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What Babies Say Before They Can Talk: The Nine Signals Infants Use to Express Their Feelings Paperback – August 4, 2003
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I must admit after completing the book I am very jealous. I worked extremely hard on my school's pre-medical psychology degree track to obtain pieces of the knowledge presented in this book. While I had to also learn names, theory and cite endless laboratory proof just to come away with the "good stuff", like how to be a thoughtful and effective parent, it seems a teensy bit unfair that this one small book could give parents the same arsenal of knowledge I am coming into parenthood with after years of extensive study. Nevertheless, I whole-heartedly recommend it to anyone who is wanting to break the bonds of over-protective, bossy, traditional parenthood roles and allow their children to truly grow with wise and empowering guidance. If I had to pick only one parenting book to read, this would be it. I think you'll find your fears of turining into your parents (or having out-of-control toddlers) melt away with each page that you turn.
(For anyone, psychology-degreed or not, who is interested in reading further on the subject of non-judgemental parenting, may I also recommend "Redirecting Children's Behavior" by Kathryn J. Kvols. This gives you the skills to parent beyond the baby years into the toddler and teenage years with wisdom that could not be learned by yourself in a thousand lifetimes of raising children.)
In the book, "What Babies Say Before They Can Talk: The Nine Signals Infants Use to Express Their Feelings," Paul C. Holinger, M.D., M.P.H., discusses nine simple "signals" that babies use to express their feelings: These signals are: interest, enjoyment, surprise, distress, anger, fear, shame, disgust, and dissmell. The author explains how children are born knowing how to communicate their feelings with these symbols, and that adults need to take the time to understand and learn how their child communicates using these symbols.
This book also includes much information about parenting, helping your children develop high self-esteem, and explains the nine signals in detail.
MyParenTime.com highly recommends this book -- learning how a baby communicates creates better understanding, better interaction, and a better relationship between parent and child. In addition, responding to a child's needs early on, makes happier and healthier parents and children.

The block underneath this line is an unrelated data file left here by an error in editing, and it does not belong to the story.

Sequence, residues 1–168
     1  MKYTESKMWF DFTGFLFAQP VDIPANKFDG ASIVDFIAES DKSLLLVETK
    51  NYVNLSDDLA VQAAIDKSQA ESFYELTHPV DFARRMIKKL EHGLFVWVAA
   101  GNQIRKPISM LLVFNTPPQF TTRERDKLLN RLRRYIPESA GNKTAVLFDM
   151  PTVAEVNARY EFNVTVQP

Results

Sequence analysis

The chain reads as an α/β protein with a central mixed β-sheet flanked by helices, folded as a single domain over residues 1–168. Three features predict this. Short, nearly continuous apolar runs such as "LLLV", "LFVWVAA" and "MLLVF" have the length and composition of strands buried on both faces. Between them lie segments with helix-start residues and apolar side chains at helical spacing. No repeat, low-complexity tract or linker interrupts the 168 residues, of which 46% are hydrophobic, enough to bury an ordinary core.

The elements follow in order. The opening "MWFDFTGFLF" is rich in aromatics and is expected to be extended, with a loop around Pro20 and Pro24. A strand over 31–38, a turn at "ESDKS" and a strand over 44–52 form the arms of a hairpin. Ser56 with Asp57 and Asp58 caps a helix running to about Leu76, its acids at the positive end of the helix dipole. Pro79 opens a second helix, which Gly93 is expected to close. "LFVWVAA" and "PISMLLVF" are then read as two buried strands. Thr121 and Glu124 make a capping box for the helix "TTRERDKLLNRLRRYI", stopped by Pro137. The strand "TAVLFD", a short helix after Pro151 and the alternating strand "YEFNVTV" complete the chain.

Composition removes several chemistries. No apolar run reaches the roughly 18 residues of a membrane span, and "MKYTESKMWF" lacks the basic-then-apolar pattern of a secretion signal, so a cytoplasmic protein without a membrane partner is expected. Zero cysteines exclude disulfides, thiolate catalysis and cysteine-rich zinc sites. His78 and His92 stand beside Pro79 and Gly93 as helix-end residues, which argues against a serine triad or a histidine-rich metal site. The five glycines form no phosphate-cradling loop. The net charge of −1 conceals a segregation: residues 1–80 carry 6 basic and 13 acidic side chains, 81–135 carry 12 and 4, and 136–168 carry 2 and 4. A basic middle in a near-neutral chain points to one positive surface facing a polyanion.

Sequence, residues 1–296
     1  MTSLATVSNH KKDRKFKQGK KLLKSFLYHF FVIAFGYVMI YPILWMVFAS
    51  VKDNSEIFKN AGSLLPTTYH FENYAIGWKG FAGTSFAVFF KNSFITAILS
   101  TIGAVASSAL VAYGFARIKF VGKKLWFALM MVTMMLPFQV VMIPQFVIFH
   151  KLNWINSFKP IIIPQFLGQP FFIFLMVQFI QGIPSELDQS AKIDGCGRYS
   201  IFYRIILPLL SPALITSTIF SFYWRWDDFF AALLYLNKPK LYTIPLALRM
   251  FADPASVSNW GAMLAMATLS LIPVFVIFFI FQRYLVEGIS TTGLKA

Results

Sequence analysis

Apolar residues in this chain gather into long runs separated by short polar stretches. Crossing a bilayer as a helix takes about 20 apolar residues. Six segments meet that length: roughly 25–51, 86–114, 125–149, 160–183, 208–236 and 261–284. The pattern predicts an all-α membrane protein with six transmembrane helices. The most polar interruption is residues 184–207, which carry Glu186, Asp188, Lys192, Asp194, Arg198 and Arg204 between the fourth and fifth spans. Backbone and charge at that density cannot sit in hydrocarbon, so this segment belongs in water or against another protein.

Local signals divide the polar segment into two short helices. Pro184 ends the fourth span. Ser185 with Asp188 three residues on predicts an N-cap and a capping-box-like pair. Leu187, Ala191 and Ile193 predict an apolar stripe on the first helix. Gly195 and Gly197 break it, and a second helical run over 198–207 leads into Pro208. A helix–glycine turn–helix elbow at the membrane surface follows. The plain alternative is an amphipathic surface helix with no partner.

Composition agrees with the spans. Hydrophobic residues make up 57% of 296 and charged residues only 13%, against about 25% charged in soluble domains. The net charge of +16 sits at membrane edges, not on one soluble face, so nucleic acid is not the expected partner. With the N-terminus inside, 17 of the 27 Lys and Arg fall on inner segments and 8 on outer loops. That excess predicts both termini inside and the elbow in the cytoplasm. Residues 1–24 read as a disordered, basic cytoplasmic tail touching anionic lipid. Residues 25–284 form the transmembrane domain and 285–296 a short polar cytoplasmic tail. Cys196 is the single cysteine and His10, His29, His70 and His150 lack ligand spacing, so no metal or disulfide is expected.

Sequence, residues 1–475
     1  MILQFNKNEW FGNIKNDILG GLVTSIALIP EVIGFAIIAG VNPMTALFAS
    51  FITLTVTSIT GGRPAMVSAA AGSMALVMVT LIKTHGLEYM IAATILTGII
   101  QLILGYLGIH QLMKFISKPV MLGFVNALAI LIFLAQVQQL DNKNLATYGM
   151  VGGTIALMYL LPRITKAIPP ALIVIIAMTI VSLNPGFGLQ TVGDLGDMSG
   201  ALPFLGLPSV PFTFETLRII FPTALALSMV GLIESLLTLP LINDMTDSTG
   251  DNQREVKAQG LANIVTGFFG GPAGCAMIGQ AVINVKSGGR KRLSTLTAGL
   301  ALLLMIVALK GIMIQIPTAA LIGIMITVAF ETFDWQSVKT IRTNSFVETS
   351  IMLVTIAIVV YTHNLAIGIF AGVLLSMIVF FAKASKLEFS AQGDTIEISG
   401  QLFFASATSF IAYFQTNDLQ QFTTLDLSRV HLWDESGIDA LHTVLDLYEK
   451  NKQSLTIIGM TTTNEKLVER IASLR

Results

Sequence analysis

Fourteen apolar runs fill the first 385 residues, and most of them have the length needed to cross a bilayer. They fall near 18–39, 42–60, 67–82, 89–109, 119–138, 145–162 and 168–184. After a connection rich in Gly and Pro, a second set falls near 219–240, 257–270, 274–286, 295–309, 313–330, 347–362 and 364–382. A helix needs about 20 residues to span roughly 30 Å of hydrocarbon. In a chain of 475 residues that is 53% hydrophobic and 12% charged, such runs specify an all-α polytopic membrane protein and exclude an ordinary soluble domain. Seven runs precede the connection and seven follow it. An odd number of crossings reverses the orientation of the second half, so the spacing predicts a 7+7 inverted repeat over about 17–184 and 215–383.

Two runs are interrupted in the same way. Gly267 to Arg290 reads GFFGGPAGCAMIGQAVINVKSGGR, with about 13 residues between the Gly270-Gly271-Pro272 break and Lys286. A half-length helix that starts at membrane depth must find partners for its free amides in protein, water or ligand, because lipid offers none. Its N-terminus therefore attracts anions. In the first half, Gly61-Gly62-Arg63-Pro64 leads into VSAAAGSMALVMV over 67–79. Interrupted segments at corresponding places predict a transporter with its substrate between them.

I found the cover and title misleading, I think I was expecting something about the secret language of babies that might be helpful in the first year or two. This is more of a methodology of child rearing in the attachment parenting vein. On the plus side I think the techniques would continue to be useful long after your child learns to talk.
Not a bad book overall, but definitely not what I, and probably many others like me, are looking for in a book with this title.
Most Recent Customer Reviews
Helpful book. It changed how I interact with my infant for the better.Published 9 months ago by D. Harding
A very simple and clear guide to managing children's emotions. It was easy and pleasant to read and rather informative.Published 11 months ago by Dessi
I bought this for some light reading and some general background on the subject. I was kicking around ideas for topics to write about in a college course, and I was considering... Read morePublished 12 months ago by Just Jon
the title is really misleading. My toddler had 200 words in his vocabulary when a friend recommended this book to me and still I find it tremendously useful.Published 14 months ago by Phong Pham
The first relationship with a categiver is thw template upon which all otjrr relationships are formatted. Read morePublished 18 months ago by Susan the Grouch